Prising corporate hands from the throat of our democracy is more important than ever. The public mood does not favour going back to “business as usual” after the pandemic where we all work hard to increase the wealth of the one percent. But any break from “business as usual” will be extremely difficult because our main political parties are heavily reliant on corporate donations to fund their election campaigns.
Once upon a time National and Labour had tens of thousands of members and were more strongly democratic than they are today.
Policy debates began in branches and made their way through regional conferences to annual party conferences where issues would be thrashed out on the conference floor for the whole country to see. Some of those issues would make their way into party manifestos and public debates at election time.
Local party branches were the driving force for election fundraising, running cake stalls and raffles to brings in the small notes and coins which would build slowly into a campaign fund. A friend of mine was such a staunch Labour supporter she ran a cake stall at her back gate on a busy Auckland road every Saturday morning in election year, selling cakes and muffins baked by local branch supporters. It was a political party version of “Ladies a plate please”.
Today National and Labour are a slim shadow of their former selves. Membership figures are a fraction of what they were in the middle decades of last century, reflecting a drop in voter confidence in political parties generally and subsequently lower voter turnouts in national elections.
Policy debates are now pedestrian and off limits to the media (policy is mostly left to MPs) while the main role of party conferences is to provide an enthusiastic audience for the party leader to address – highly orchestrated events designed for prime-time television.
Needless to say, cake stalls and raffles no longer raise enough money for election campaigns so Labour, National and New Zealand First are now heavily reliant on corporate donations. In return, big business expects corporate-friendly policies. For example no increase in corporate taxes or any regulations which could stem the tide of corporate profits, irrespective of the impact on the rest of us.
Public concern about corporate pipers calling the policy tune for political parties has led to some rules about the transparency in party donations.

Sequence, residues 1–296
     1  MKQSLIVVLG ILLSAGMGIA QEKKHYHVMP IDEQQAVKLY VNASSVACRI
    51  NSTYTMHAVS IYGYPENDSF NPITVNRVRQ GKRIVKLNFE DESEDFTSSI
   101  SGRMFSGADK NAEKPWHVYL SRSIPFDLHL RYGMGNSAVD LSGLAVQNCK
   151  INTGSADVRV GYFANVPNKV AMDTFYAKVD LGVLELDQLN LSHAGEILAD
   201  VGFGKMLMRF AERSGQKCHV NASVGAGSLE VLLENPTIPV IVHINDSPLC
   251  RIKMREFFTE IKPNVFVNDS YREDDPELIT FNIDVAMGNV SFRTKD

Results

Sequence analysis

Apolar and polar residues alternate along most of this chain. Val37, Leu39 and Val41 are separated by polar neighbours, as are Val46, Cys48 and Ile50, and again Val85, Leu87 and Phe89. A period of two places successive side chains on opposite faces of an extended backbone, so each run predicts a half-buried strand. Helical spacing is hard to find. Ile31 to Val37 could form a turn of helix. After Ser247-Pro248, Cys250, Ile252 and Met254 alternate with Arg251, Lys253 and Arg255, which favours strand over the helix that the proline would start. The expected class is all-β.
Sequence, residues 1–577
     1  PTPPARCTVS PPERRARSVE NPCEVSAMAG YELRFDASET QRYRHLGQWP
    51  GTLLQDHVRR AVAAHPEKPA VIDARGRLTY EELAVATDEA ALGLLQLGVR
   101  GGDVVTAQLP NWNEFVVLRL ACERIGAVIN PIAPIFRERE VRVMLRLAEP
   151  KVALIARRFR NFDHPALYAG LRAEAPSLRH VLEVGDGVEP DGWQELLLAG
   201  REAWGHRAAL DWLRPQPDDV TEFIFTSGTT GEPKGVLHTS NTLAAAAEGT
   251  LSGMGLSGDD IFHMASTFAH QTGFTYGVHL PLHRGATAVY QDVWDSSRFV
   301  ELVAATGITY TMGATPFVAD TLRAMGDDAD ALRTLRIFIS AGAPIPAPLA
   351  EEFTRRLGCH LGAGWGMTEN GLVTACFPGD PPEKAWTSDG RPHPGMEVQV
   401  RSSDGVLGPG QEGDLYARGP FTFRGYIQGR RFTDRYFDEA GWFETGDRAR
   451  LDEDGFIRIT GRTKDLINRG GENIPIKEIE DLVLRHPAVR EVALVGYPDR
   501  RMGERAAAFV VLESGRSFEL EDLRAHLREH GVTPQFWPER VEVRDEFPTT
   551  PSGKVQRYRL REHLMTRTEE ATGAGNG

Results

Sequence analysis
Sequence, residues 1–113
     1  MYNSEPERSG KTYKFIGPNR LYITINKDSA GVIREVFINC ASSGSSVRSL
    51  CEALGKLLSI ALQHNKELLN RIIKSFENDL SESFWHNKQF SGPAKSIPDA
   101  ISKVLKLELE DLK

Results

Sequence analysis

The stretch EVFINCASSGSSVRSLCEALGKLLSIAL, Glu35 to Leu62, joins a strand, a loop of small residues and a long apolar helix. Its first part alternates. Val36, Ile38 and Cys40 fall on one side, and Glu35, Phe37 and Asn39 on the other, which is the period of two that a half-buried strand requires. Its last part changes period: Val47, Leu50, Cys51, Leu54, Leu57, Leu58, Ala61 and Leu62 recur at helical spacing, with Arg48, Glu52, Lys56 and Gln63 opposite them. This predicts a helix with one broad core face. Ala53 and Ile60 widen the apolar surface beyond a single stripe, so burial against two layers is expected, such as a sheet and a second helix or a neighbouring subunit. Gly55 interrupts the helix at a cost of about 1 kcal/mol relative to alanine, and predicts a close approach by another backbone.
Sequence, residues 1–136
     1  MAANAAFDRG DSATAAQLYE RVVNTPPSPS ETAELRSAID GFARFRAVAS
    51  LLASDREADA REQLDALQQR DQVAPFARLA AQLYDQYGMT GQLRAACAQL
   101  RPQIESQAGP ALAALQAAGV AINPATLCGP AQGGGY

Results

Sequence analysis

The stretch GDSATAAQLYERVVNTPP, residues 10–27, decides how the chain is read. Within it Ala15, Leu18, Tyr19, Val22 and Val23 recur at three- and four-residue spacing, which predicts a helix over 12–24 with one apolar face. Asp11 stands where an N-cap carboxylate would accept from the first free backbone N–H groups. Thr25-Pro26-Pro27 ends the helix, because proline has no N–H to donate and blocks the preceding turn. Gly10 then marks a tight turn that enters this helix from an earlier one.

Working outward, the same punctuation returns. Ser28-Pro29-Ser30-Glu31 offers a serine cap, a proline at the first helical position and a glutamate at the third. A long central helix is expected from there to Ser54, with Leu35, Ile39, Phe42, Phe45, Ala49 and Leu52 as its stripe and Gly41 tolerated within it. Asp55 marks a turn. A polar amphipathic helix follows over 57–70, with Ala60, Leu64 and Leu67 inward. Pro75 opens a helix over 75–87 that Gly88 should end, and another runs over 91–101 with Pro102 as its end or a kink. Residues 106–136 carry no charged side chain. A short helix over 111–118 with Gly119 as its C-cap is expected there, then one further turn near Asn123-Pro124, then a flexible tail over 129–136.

However the one constant in national and local body politics is the length to which politicians go to hide the identities of their big donors.
Along with New Zealand First, both National and Labour are embarrassed to reveal the extent to which they are reliant on big business and the corporates themselves are equally keen to keep their influence over our politicians away from the public gaze.
Four National Party figures are currently embroiled in a court case where it is alleged two donations of $100,000 were deliberately split into amounts that would come under the $15,000 limit above which the donors would have to be identified. New Zealand First is being investigated by the Serious Fraud Office in a similar situation where large donations were allegedly channelled into a “New Zealand First Foundation” and then used to pay New Zealand First election expenses. Local body politics is similarly tainted with the re-elected mayors of our two largest cities under Serious Fraud Office investigations over allegedly failing to identify their big donors.
It’s clear to most of us that tighter and more robust laws are needed to safeguard our democracy from this ever-encroaching influence of the corporate sector over our political parties.
So what changes would make a difference?
Parliament voted for one significant change late last year to ban foreign donations of more than $50 but this applies only to national elections. It must apply to local body elections as well.
All donations to parties or candidates should be in the name of individuals who are eligible voters rather than companies, where the connections are often unclear, and we should know their names before we vote. Currently candidates are only required to reveal their election donors many weeks after the election.
This issue became particularly important in the Wellington local body election campaign last year when a single large donor had a dramatic impact on the mayoral campaign. The public found out about this big donor before the election but there was no legal requirement for the candidate to revel this beforehand. There should be.
We should insist that all publicly notifiable donations are out in the open at least a week BEFORE an election with it being an offence to receive donations after this time rather than months afterwards.
And why should the publicly notifiable limit for political parties be set at $15,000? Why not reduce the threshold for public notification to $100. We could even look at setting a maximum amount any individual could contribute to an election campaign.
There’s also an argument to make for state funding of political party election campaigns. We already fund around 80% of the activities of our main political parties with just the last 20% raised through donations. Paying this last 20% from the public purse would be a cheap price to help protect democracy.
If we don’t want to return to “business as usual” it’s time to wrench our democracy back from the tenacious grasp of corporate power and its political lackies.